Stopping and questioning citizens is an important policing tactic. Prior research explores citizens’ perceptions of stop and question policing, or “SQP”, by municipal police, yet campus police also use this tactic. The purpose of this paper is to understand whether and why college students believe campus police should have the right to engage in SQP.
Data come from 73 in-depth interviews with students attending a university in metropolitan Atlanta, GA. The sample was obtained through convenience and purposive sampling methods. Data were analyzed using the ethnographic perspective.
Most participants said campus police should practice SQP for three reasons: it is their job; SQP is an effective crime fighting tactic; and SQP is useful given the features and functions of college campuses. Among participants who said campus police should not practice SQP, they were concerned that officers would use it in unwarranted situations.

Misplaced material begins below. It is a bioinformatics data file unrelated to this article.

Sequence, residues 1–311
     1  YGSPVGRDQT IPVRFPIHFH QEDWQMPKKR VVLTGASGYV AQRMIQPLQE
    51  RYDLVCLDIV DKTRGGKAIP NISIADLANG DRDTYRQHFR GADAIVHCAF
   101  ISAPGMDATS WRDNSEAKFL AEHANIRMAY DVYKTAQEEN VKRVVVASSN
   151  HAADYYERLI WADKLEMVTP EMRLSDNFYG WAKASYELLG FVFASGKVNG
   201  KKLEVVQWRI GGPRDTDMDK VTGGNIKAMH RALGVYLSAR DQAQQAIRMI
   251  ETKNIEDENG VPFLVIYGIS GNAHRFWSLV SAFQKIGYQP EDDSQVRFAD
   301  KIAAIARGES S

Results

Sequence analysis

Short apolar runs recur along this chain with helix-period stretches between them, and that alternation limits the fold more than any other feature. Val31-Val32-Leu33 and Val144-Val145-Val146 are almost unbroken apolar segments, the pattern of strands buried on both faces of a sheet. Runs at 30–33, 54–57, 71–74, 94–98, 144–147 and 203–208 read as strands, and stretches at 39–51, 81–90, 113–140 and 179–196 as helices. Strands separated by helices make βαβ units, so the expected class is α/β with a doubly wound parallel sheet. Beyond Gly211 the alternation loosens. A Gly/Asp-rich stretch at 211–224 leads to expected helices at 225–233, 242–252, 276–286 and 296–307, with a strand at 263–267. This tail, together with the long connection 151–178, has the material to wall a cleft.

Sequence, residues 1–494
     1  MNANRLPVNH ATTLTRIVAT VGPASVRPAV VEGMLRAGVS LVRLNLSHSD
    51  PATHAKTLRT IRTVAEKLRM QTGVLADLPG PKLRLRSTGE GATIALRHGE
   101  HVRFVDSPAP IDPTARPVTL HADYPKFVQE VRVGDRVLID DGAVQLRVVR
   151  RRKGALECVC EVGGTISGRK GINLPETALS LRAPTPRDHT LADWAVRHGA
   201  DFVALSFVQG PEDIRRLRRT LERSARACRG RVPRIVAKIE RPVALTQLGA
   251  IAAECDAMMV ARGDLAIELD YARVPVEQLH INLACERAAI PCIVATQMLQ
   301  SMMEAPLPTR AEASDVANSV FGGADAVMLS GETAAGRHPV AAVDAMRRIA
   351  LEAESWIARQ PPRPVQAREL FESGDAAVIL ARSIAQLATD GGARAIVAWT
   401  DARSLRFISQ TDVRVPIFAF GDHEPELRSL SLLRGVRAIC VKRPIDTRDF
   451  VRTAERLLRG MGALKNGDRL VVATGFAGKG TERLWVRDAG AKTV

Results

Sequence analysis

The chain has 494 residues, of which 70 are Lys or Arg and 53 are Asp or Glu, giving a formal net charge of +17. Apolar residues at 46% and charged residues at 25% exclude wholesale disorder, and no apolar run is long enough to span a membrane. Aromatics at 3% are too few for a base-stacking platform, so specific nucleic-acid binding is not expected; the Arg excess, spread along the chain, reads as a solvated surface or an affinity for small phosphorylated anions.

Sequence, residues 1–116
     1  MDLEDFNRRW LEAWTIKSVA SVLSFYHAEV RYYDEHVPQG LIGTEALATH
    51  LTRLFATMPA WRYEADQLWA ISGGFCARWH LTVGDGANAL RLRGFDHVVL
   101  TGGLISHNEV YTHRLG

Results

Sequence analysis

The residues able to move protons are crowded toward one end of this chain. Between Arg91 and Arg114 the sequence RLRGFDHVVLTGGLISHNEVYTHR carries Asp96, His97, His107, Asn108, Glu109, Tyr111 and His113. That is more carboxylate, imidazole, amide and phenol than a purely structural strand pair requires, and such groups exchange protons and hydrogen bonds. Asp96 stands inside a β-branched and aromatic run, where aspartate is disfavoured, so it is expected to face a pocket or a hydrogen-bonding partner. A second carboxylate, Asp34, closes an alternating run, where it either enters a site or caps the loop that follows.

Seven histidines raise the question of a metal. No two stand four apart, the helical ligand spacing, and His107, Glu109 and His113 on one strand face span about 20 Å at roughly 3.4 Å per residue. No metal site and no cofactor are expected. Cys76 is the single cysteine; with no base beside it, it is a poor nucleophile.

Findings suggest that the police might be able to reduce resistance to SQP by clearly explaining to suspects why they are being stopped and also clarifying to the public the legal thresholds for stopping and questioning citizens.
This is the first study to consider perceptions of SQP by campus police. The findings also shed light on how campus and municipal police are (dis)similar in perceptions of their SQP practices.
CitationDownload as .RIS
Emerald Group Publishing Limited
Copyright © 2016, Emerald Group Publishing Limited